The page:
We examine an endogenous growth model in which market frictions are an integral part of the economic environment. Workers invest in education when young, which raises their productivity once employed. The level of schooling also acts as a key determinant of the rate of economic growth by influencing workers’ ability to accumulate additional human capital on-the-job. Once schooling is completed, workers search for employment. The division of the surplus between vacancies and searching workers is characterized, as is the optimal level of education. The economy may display multiple steady-state growth paths.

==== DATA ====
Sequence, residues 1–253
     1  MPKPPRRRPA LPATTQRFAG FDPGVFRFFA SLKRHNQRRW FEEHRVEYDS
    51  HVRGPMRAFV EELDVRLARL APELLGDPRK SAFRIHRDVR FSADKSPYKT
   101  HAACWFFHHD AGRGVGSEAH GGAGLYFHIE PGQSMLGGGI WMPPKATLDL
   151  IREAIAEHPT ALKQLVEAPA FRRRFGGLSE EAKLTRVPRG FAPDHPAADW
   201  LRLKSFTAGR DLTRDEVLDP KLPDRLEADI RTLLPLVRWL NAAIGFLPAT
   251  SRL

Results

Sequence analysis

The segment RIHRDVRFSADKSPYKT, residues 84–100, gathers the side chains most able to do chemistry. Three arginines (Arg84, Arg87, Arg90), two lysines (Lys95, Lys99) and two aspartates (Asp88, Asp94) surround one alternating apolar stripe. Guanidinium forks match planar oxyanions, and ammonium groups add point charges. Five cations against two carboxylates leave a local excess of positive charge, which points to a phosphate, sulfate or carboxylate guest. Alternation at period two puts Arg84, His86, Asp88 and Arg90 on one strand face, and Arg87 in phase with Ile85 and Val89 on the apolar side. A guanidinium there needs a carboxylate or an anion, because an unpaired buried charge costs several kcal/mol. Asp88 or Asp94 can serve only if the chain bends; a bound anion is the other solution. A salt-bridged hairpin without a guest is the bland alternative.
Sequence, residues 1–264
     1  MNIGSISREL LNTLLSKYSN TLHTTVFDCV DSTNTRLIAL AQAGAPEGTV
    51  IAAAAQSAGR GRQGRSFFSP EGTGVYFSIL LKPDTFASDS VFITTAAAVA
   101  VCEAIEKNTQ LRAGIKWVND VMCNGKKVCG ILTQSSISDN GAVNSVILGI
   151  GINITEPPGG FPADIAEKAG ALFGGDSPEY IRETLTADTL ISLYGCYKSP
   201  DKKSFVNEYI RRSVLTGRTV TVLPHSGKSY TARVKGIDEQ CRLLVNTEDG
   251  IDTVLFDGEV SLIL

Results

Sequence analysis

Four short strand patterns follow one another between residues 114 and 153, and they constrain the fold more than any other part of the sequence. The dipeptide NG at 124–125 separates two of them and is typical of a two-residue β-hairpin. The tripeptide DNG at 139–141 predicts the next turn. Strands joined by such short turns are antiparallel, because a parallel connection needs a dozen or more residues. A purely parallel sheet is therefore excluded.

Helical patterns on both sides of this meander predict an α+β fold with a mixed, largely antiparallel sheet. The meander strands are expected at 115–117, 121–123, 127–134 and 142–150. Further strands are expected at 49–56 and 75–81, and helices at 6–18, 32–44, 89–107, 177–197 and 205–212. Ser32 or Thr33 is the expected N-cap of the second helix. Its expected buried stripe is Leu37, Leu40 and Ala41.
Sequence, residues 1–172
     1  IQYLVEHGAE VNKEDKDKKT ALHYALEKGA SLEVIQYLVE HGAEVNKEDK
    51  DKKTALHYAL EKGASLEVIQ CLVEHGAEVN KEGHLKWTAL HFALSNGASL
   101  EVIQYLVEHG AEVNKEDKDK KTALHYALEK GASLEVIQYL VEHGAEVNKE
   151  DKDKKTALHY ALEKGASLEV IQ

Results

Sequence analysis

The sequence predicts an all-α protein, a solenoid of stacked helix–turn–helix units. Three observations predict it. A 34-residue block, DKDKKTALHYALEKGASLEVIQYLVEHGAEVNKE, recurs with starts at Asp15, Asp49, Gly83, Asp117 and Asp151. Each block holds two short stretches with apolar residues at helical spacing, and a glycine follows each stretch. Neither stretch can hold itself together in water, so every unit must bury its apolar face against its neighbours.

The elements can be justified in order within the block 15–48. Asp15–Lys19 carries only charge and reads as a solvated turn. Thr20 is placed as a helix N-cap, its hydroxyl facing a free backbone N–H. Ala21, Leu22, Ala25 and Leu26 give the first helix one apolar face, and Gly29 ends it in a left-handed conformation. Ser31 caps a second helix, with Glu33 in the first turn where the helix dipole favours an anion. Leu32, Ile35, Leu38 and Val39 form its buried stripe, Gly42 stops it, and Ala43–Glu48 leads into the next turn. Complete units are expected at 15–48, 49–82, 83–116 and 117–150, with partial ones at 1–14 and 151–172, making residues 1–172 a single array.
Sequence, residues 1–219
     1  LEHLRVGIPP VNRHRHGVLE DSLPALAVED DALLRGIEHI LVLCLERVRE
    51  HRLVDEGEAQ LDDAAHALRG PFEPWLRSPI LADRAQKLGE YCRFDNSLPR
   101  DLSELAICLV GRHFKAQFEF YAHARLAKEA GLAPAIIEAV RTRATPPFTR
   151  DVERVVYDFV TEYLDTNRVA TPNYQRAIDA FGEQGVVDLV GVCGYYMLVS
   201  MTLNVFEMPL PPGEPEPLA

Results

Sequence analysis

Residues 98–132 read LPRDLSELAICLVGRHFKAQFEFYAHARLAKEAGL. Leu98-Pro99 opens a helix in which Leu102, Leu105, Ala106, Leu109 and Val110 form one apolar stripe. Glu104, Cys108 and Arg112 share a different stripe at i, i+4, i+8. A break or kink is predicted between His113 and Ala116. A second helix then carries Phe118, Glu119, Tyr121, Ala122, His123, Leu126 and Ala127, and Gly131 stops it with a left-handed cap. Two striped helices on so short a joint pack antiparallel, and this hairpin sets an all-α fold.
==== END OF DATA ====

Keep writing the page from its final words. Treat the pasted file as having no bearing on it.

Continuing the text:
|Original language||English (US)|
|Number of pages||15|
|Journal||Review of Economic Studies|
|State||Published - Jan 1995|
ASJC Scopus subject areas
- Economics and Econometrics